Again, deputies plead with him to stop this activity, because they cannot see what he is doing. Bolster continues to refuse to comply with the deputies' commands and is verbally combative.

Officer shoots Bolster, twice

Deputy Gibson then fires one shot with his patrol rifle which strikes Bolster, but does not immobilize him. Bolster continues to rummage within his vehicle out of the deputies' sight as they issue more calls to come out of his vehicle and warn him that his actions are being interpreted as a threat.

Dep. Gibson fires a second shot which strikes Bolster in the head. Bolster was transported to the Salem Hospital where he later succumbed to his wounds.

During a subsequent forensic examination of Bolster's vehicle, the weapon used by him in the earlier Monmouth incident was located on the front passenger seat.

The Oregon State Police conducted the investigation and the Polk County District Attorney's Office presented the evidence to the Grand Jury.

In making their decision, the Grand Jury heard testimony from the four involved deputies, including Deputy Gibson.

Also testifying were officers from the Salem Police Department, Monmouth Police Department, Oregon State Police, Oregon State Medical Examiner's Office, and five citizen witnesses. The Grand Jury also reviewed a scene diagram and photographs.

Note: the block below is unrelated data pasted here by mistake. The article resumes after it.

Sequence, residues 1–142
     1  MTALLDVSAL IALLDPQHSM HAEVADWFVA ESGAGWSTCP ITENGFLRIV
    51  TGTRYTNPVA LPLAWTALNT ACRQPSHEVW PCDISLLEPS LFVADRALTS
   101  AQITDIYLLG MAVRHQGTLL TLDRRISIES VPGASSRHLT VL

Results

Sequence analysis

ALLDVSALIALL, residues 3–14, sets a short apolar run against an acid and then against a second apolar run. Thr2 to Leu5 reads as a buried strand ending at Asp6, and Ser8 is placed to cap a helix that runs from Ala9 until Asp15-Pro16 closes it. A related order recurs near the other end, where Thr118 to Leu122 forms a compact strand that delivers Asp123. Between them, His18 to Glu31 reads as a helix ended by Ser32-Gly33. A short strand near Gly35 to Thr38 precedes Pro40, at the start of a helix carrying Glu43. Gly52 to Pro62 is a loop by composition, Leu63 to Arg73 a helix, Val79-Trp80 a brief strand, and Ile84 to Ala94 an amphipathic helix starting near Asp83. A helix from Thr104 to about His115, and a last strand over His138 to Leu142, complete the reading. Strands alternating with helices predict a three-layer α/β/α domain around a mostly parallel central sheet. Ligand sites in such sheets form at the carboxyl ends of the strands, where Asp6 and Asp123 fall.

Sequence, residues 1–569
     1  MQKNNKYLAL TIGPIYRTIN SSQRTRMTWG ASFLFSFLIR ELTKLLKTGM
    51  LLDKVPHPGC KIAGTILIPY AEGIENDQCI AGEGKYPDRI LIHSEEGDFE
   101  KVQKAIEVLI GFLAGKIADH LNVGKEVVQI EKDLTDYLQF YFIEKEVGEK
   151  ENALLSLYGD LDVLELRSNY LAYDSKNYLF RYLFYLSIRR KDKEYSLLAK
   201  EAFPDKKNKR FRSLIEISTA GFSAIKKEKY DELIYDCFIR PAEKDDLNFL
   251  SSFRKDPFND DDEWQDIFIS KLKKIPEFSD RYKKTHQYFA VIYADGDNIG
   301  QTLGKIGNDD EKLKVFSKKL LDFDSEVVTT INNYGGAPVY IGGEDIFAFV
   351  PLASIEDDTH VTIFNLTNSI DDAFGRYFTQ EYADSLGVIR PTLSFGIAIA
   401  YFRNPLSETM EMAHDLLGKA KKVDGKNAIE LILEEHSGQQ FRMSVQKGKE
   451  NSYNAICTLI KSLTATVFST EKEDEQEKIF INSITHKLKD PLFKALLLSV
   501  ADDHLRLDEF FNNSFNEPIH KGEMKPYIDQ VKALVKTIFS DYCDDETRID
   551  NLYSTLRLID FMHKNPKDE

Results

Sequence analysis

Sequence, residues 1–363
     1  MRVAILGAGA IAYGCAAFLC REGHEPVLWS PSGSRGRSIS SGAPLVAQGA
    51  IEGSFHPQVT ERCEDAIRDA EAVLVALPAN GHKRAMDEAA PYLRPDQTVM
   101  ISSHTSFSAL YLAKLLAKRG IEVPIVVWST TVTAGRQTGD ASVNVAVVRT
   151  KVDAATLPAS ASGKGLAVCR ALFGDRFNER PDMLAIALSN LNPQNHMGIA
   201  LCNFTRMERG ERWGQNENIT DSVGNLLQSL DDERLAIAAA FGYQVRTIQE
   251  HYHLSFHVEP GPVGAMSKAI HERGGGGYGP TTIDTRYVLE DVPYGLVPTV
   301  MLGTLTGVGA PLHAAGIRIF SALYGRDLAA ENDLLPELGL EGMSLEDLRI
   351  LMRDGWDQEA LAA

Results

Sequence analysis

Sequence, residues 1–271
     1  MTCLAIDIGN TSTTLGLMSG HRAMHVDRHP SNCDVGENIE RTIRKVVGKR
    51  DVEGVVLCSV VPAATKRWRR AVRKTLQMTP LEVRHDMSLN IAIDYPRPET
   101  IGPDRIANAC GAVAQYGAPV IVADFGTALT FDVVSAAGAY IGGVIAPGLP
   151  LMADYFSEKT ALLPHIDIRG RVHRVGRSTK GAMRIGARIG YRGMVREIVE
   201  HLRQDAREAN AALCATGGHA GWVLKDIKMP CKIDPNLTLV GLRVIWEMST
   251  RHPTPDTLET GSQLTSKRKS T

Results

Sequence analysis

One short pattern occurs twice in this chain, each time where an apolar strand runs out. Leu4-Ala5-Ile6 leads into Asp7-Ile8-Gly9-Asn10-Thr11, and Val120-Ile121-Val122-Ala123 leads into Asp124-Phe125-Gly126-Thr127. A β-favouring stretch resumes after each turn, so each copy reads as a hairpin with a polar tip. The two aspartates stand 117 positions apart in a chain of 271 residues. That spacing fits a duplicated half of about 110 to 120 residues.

Applying that evidence to the legal principles regarding the use of deadly force, the Grand Jury found that Deputy Casey Gibson's use of deadly force was lawful and justified because:
1) The use of physical force was necessary to defend the police officer or another person from the use or threatened imminent use of deadly physical force; and
2) The officer's life or personal safety was endangered in the particular circumstance involved.

Source: Polk County District Attorney Press Release

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Sean Flynn was a photojournalist in Vietnam, taken captive in 1970 in Cambodia and never seen again.